Roche is bringing back gantenerumab from the dead, taking another stab at Alzheimer’s PhIII
Alzheimer’s drugs are expensive to test and unlikely to succeed, but they are also hard to kill.
More than two years after gantenerumab failed decisively in treating early-stage Alzheimer’s, Roche is mapping out an attempted comeback through a new, pivotal Phase III program that puts them back into the late-stage pipeline with their second therapy.
Investigators stubbornly vowed back at an international Alzheimer’s conference in 2015 that if you amped up the dosage of the amyloid beta antibody it would be possible to track a real treatment effect for Alzheimer’s, improving cognition and function. And now Roche partner MorphoSys, which contributed its platform tech in discovering the drug, says the pharma giant is going for it — again.
The German biotech says that its contacts at Roche are planning to launch two Phase III studies in mild to prodromal patients sometime later in the year, sticking to a group of patients who are just beginning to demonstrate symptoms of the memory-wasting ailment.
Roche never gave up on gantenerumab. Roche neuroscience development chief Paulo Fontoura tells me they’ve been using two extended studies to see if they can safely use a much, much higher dose needed to have an impact on the disease without stirring up dangerous levels of ARIA-E, or brain swelling.
“We wanted to find out if 4- or 5-fold (higher doses) would be successful,” Fontoura tells me, while controlling any cases of ARIA-E. And all indications,he adds, is that they are on the right track.
Nothing has worked in Alzheimer’s R&D over the last 14 years, and gantenerumab looked like it would join a list of the most prominent drugs in the field to wash out of a big Phase III. But researchers have also been emboldened by better diagnostics to select patients as well as by the early data from Biogen’s aducanumab program which has shown glimmers of efficacy. Eli Lilly only recently wrapped its last pivotal shot at solanezumab, its third straight failure.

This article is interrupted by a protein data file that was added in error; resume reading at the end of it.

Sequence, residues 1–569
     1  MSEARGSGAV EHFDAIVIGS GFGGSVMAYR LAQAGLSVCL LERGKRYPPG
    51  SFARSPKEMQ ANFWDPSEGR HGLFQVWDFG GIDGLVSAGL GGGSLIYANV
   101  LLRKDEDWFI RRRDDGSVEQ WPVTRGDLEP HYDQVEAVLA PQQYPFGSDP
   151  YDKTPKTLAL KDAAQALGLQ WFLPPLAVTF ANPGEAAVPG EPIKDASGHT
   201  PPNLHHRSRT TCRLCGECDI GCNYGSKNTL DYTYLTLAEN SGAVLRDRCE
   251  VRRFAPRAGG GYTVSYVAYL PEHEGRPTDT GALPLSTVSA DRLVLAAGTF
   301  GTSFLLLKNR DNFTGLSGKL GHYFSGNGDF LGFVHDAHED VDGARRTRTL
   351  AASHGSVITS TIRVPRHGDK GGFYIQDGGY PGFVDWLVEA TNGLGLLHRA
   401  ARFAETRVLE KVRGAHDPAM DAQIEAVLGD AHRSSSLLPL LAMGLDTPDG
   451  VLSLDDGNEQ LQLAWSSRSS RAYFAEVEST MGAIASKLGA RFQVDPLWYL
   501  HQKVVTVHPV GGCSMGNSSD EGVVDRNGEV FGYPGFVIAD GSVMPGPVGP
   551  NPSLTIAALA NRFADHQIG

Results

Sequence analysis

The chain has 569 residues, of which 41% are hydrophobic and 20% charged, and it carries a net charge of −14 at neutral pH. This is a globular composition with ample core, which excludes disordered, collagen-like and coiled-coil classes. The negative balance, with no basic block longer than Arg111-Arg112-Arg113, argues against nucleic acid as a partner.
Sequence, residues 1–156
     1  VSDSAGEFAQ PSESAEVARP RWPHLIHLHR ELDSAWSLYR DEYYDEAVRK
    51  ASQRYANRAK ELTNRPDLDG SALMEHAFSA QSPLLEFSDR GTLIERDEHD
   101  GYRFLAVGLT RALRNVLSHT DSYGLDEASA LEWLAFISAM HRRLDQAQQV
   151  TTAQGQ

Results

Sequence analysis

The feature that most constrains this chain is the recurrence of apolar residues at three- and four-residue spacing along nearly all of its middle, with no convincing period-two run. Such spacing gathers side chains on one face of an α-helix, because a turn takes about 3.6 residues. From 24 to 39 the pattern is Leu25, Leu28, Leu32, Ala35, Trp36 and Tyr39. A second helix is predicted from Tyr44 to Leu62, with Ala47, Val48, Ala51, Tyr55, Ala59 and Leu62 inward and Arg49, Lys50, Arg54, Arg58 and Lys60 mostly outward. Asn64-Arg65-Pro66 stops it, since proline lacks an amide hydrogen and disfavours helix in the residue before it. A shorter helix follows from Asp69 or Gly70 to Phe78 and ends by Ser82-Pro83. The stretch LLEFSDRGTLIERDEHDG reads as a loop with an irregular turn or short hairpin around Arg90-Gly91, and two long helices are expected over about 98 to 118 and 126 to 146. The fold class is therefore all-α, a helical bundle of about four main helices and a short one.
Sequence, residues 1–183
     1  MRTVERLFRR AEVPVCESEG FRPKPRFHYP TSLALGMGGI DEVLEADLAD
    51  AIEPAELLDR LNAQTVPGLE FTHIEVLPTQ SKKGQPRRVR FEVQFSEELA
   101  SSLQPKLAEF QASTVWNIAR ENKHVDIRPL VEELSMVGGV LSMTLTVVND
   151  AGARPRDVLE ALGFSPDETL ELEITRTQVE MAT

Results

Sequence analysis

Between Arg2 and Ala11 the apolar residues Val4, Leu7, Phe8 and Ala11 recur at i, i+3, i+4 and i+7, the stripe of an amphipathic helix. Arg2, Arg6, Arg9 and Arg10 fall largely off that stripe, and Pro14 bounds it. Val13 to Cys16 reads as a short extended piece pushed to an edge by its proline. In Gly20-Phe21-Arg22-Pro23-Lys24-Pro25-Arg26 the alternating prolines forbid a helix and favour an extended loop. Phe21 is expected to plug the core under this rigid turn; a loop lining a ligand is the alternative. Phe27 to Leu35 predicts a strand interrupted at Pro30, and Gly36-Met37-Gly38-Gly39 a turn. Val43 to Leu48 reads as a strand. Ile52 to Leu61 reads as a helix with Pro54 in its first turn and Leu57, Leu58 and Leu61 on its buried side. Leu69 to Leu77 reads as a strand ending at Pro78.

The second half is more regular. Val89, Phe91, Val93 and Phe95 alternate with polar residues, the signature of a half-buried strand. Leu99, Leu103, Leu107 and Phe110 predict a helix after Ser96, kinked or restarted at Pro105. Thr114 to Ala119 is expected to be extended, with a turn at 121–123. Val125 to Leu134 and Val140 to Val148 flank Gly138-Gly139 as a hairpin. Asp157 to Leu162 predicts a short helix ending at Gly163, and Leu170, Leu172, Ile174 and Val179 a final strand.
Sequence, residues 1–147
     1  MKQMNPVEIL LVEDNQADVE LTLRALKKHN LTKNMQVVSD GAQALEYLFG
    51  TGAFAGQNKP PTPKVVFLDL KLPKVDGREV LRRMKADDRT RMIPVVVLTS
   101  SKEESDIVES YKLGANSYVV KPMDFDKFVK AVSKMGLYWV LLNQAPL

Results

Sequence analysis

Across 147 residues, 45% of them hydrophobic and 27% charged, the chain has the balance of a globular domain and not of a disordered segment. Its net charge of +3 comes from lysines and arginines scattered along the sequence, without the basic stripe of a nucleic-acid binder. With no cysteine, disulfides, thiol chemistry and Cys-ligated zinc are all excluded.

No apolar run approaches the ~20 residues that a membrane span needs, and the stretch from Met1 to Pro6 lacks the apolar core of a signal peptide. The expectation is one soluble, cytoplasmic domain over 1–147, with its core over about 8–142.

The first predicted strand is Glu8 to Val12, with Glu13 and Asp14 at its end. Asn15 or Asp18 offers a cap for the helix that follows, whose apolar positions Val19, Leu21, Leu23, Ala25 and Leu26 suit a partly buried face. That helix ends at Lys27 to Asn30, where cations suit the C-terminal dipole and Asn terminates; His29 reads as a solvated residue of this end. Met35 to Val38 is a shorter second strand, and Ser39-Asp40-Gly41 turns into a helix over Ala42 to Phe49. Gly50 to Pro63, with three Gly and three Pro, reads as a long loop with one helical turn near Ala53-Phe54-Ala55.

Merck has also contributed to the drumbeat of failures, recently conceding defeat in the most advanced study of a BACE drug that tried to move upstream in the disease process, preventing the production of toxic levels of amyloid beta. And Lundbeck flopped with its three Phase III studies of their 5-HT6 antagonist idalopirdine, leaving Axovant as the last company to test that symptomatic approach in a pivotal study.
Why the dedication? There are no drugs that can modify the progression of Alzheimer’s and a big demand for any new symptomatic therapies that can slow the impact of the disease, leaving the field wide open for a blockbuster introduction. And with every setback, researchers insist that the same drugs could work under different circumstances.
Now Roche will soon have two pivotal programs for Alzheimer’s back in the clinic, with gantenerumab running alongside crenezumab.
“This is great news for MorphoSys. We are delighted by the strong commitment to gantenerumab as a potential new therapy for Alzheimer’s disease”, commented Marlies Sproll, the chief scientific officer of MorphoSys AG. “The HuCAL-derived antibody gantenerumab has properties that we believe make it a promising candidate to treat Alzheimer’s disease, and we look forward to learning more about these new Phase III trials.”